Discussion of the proposed resolution became heated as Janney parents demanded that the ANC state explicitly its opposition to redistricting current families out of the elementary school. Commissioners Bender and Tom Quinn responded that they were not necessarily opposed to moving families out of Janney, depending upon the justification for the change. However, they could not form an opinion without credible data to demonstrate why the move would be necessary and what the impact would be on other families within the community. Tempers flared on both sides as parents accused commissioners of failing to advocate on behalf of their constituents and Commissioner Quinn lashed out at what he described as hyperbolic rhetoric from families who would be potentially redistricted.
The heated debate highlighted a lack of data and analysis regarding school enrollment trends. Community representatives and ANC members shared frustration with the failure of the review process to provide concrete numbers to assess or explain proposed boundaries.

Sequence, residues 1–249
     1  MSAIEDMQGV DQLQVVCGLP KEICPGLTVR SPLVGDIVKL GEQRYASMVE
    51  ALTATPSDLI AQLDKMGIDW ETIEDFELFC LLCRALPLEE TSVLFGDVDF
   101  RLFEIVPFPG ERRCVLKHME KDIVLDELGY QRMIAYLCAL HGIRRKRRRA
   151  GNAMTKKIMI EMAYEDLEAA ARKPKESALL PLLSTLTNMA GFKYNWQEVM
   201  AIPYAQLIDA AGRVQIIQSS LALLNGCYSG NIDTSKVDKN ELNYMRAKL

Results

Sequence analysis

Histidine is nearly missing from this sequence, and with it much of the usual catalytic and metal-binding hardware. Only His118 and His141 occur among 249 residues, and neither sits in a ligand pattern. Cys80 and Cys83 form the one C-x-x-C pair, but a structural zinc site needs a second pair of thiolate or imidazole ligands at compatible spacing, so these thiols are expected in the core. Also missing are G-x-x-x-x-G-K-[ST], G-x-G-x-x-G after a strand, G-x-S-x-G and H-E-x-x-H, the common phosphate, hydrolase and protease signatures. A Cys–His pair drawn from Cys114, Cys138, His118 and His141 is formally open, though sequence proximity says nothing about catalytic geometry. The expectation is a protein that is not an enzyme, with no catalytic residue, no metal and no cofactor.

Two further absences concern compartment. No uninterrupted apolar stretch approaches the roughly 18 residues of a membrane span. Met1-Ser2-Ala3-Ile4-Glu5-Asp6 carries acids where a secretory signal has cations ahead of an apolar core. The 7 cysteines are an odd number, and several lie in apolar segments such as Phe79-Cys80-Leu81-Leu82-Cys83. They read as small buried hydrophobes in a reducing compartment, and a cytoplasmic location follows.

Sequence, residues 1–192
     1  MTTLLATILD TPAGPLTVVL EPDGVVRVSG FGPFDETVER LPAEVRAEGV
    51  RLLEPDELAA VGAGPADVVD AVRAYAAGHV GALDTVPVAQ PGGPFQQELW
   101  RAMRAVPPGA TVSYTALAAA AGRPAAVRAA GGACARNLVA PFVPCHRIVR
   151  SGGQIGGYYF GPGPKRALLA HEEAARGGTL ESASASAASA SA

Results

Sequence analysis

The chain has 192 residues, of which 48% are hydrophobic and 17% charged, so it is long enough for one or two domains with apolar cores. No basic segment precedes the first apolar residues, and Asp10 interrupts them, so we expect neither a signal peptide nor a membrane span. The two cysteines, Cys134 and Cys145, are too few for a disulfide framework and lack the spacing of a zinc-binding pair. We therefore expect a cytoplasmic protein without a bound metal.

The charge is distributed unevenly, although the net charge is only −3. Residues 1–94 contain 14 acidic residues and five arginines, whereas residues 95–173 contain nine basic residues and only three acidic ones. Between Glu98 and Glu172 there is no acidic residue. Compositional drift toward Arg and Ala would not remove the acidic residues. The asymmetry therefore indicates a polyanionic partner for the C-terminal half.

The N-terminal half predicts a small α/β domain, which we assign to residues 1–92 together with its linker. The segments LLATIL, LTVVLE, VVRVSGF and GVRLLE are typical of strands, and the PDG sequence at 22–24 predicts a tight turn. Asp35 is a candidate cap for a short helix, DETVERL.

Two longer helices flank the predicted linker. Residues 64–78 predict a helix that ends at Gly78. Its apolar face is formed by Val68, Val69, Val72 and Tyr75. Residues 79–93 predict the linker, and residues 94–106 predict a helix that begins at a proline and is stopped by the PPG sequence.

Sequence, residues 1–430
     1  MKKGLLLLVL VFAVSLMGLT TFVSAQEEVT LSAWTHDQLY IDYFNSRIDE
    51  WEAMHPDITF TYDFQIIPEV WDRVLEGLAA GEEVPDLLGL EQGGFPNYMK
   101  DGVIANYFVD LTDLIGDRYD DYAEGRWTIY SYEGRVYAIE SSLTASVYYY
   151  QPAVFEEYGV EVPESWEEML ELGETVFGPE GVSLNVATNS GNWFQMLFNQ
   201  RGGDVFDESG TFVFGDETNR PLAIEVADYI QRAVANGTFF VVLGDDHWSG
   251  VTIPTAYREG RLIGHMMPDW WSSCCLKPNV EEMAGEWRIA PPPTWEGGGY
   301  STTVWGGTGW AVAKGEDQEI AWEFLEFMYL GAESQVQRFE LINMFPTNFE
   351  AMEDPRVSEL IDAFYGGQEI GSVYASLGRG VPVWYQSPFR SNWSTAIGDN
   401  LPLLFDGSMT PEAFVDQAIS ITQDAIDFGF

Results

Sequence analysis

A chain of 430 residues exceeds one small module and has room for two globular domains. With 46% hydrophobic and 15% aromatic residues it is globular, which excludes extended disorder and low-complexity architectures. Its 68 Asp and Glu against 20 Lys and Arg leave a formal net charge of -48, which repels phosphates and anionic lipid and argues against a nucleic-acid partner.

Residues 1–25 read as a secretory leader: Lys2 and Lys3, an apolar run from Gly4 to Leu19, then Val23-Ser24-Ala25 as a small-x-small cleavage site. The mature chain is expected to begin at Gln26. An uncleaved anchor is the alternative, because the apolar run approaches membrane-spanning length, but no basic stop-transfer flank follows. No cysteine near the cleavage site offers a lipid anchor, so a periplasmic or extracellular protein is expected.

After nearly two hours of discussion, the ANC tabled debate on the resolution to allow other agenda items to proceed. Discussion resumed close to 11 p.m., as residents and commissioners parsed the resolution’s wording well past midnight. Despite hours of debate, the original draft and the final version of the resolution were remarkably similar. There were minimal substantive changes to the language, which retained the ANC’s call for a reboot of the boundary review process under the next mayoral administration.
The largest revision removed text referring to the administration of Mayor Adrian Fenty and Superintendent Michelle Rhee, which was deemed as unnecessary and too politically charged. Other revisions tempered, but did not wholly remove, statements regarding overcrowding at Janney, clarified upfront and with stronger language the commission’s “serious concern” with the boundary review, and emphasized the need for “sound analysis and data” as the basis of a new review process. While the final resolution did not meet fully their demands, community members appeared ultimately to leave the meeting pleased with the revised draft, which passed with the support of four commissioners; Frumin abstained. The full text of the resolution is available online.
The DC Advisory Committee on Student Assignment is reviewing public input on the initial boundary recommendations, which will inform a set of revised proposals to be released in June. The public will have opportunity to provide comment on those proposals through July. The District government anticipates releasing the final student assignment and school boundary plan in September.